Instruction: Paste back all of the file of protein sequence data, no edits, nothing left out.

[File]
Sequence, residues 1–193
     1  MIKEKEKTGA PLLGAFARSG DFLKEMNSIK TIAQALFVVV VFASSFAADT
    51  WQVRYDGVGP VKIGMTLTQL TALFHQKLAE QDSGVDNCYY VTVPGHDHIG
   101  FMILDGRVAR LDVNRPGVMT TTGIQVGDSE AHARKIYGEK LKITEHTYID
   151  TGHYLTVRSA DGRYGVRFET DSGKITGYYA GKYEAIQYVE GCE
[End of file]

Sequence, residues 1–193
     1  MIKEKEKTGA PLLGAFARSG DFLKEMNSIK TIAQALFVVV VFASSFAADT
    51  WQVRYDGVGP VKIGMTLTQL TALFHQKLAE QDSGVDNCYY VTVPGHDHIG
   101  FMILDGRVAR LDVNRPGVMT TTGIQVGDSE AHARKIYGEK LKITEHTYID
   151  TGHYLTVRSA DGRYGVRFET DSGKITGYYA GKYEAIQYVE GCE